Peace sisters! Peace Road that is, the brand name of bespoke handbags dreamt up, designed and made in Dahab from beautiful recycled gelabeya by New Zealander Bronwyn Jones. These gelabeya are long dresses worn by local Bedouin women daily for work and for special occasions alike. When walking on the street they cover all with a black abeya and schall so tourists would hardly ever get to see these sometimes stunning clothes unless invited into a Bedouin home. The gelabeyas, usually made in India or China, have beautiful beadwork and embroidery decorating the neck and sleeves and Bronwyn incorporates these into pockets and other features on her truly original bags.
For a “win, win” situation, Bronwyn believes in supporting the local community through women and buys the old gelabeyas that would usually end up as rags or covers around the women’s’ homes. She even has a couple of women now who source the used garments for her for a small commission and so far the supply keeps up with demand.
When she has a new delivery, Bronwyn washes and displays the gelabeyas in her small central workshop hanging them along the wall. Decorative as they are, these give the whole workshop a festive feeling when you enter. She also photographs each gelabeya and posts them on her Facebook page so customers can choose via the internet. Choosing is not easy, one usually wants them all!
Together with the customer, she selects the base fabric, usually a bright canvas that compliments or contrasts the gelabeya colouring. Currently there are three main patterns to choose; smaller shoulder style with lots of zips and compartments perfect for travel and daily handbag use, a larger hand bag variations with end compartments large enough to fit drink bottles – ubiquitous item here in hot Dahab, and another large shoulder bag that takes practically everything a girl could need. I used one of this style when I last travelled and used it for my carry-on luggage; it swallowed my netbook, reading book, scarf, travel papers, etc with plenty of room to spare. The advantage of a shoulder bag (the trap easily fits across the body) is that I can access everything without removing it – unlike a backpack. I also feel they are more secure as you can keep the bag close to me; I have had my wallet stolen out of a backpack style bag on the Paris Metro when I only travelled on it for about 2 minutes! – another story.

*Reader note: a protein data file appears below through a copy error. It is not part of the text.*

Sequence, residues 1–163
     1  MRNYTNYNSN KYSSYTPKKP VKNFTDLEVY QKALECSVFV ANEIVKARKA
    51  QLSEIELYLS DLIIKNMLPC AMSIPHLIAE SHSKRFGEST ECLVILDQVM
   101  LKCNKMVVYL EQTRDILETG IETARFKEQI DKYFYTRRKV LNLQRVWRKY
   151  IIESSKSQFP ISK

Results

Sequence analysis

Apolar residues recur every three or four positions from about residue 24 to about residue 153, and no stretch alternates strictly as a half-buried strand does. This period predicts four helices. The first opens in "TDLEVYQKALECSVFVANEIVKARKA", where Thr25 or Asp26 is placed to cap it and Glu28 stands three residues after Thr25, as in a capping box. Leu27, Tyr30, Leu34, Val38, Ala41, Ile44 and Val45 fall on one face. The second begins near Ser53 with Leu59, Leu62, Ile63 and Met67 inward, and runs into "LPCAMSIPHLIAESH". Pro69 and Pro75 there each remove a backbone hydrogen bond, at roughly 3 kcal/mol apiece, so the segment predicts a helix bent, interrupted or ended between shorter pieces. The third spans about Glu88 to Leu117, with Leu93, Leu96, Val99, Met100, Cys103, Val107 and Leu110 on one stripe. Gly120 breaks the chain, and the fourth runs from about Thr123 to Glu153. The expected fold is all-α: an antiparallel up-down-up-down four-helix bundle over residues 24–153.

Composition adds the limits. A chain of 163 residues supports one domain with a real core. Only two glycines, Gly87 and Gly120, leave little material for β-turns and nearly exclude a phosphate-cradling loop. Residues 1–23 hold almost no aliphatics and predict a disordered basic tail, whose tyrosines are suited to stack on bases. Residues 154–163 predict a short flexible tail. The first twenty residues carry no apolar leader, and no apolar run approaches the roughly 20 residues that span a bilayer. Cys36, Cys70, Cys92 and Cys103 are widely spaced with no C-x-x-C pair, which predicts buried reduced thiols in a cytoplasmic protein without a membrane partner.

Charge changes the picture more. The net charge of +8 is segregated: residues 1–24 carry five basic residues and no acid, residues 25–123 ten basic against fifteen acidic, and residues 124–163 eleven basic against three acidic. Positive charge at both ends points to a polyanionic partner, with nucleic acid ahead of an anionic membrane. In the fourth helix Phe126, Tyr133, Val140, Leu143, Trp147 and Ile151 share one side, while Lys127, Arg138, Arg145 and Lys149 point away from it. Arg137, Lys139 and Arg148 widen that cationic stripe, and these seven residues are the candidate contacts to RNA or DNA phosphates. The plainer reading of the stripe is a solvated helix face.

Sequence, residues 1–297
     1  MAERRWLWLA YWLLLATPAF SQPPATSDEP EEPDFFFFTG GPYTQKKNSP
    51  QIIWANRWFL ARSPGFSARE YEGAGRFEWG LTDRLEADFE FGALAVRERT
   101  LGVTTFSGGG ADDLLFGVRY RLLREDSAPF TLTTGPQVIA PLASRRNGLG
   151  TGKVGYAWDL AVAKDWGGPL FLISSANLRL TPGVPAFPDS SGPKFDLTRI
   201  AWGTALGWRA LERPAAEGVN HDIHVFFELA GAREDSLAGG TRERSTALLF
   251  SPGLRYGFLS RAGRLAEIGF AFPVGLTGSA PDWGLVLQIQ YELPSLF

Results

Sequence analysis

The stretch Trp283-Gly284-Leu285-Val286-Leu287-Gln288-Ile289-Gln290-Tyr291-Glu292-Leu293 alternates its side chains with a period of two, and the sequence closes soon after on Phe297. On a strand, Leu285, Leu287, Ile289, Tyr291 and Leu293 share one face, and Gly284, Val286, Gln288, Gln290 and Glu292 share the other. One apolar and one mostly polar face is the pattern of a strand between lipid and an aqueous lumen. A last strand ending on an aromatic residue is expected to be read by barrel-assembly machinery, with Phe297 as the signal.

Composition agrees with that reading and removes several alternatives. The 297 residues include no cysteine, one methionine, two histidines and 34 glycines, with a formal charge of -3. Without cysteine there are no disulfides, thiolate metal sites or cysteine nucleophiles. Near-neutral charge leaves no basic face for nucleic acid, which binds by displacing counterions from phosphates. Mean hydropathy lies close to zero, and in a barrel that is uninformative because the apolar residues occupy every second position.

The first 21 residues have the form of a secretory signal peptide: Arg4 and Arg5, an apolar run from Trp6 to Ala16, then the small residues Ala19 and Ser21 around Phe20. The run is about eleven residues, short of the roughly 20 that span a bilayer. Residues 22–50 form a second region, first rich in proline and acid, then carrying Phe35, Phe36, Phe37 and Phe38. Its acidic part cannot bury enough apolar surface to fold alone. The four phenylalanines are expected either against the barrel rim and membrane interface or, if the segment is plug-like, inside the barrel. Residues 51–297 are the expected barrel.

Bronwyn Jones first came to Dahab to establish a casual restaurant in the bay area. She successfully grappled with the mire of Egyptian bureaucracy, recruited and fired numerous staff members finally succeeding in making the restaurant one of the most rated on Trip Advisor. Such are the personal skills and aptitude that she brings to any business, it is revealing that once she left the business its popularity plummeted and now no longer exists.
She left Dahab travelling through Asia on her way back home to New Zealand, attended to personal and family matters but always felt she had unfinished business in Dahab. They say that once you have drunk form the waters of the Nile you leave part of your heart forever in Egypt and that you will always desire to return. Dahab is like this too – a special little oasis with a big magnet.
The magnet varies for everyone – some it is the scuba diving, the technical diving, the free diving, the snorkelling, the yoga on the beach, the almost constant sunshine, the clear starry skies, the full moon over Saudi Arabia, the inexpensive accommodation , the camels and goats wandering the streets, the horse riding in the desert, the camel safaris. Bronwyn loves the beach life, the palms, the friendly community and the ambience of Dahab.
Peace Road is an actual main road here in Dahab – running from south to north through this small seaside village on the Gulf of Aqaba. Peace by name, peace by nature if you ask the majority of inhabitants of this town – a mixture of Bedouin (mostly Muzeina tribe), Egyptians from the Nile valley or delta, and foreigners who are drawn to the idyllic shores.
A trained fashion designer and skilled pattern maker, Bronwyn is able to bring her professionalism to every personally made bespoke bag. The first Peace Road bags were made of fabric printed with Egyptian Kayameya patterns that have been printed from the intricate appliqué that lined the insides of the fabulous tents hand made by the tent makers in Cairo. She still makes these popular bags as well in various designs but it is the gelabeya bags that really catch the eye. Every bag takes on a life of its own as she builds a relationship with each customer when considering which parts of the gelabeya to recycle where; every gelabeya bag is unique.
These bags are infused with life, starting from the original artisan’s beautiful hand work adorning clothing items turned into functional and stunning accessories carrying Peace Road proudly throughout the world.